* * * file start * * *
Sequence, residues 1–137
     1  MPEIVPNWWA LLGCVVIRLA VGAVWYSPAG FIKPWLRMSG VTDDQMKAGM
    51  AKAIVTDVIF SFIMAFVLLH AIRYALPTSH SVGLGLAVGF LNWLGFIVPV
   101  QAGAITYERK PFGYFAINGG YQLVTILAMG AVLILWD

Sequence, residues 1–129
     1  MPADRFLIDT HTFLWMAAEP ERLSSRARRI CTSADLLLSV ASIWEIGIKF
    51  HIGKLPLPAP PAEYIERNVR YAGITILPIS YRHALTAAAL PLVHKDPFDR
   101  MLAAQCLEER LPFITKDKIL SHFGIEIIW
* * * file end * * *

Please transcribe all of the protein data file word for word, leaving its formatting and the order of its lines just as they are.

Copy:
Sequence, residues 1–137
     1  MPEIVPNWWA LLGCVVIRLA VGAVWYSPAG FIKPWLRMSG VTDDQMKAGM
    51  AKAIVTDVIF SFIMAFVLLH AIRYALPTSH SVGLGLAVGF LNWLGFIVPV
   101  QAGAITYERK PFGYFAINGG YQLVTILAMG AVLILWD

Sequence, residues 1–129
     1  MPADRFLIDT HTFLWMAAEP ERLSSRARRI CTSADLLLSV ASIWEIGIKF
    51  HIGKLPLPAP PAEYIERNVR YAGITILPIS YRHALTAAAL PLVHKDPFDR
   101  MLAAQCLEER LPFITKDKIL SHFGIEIIW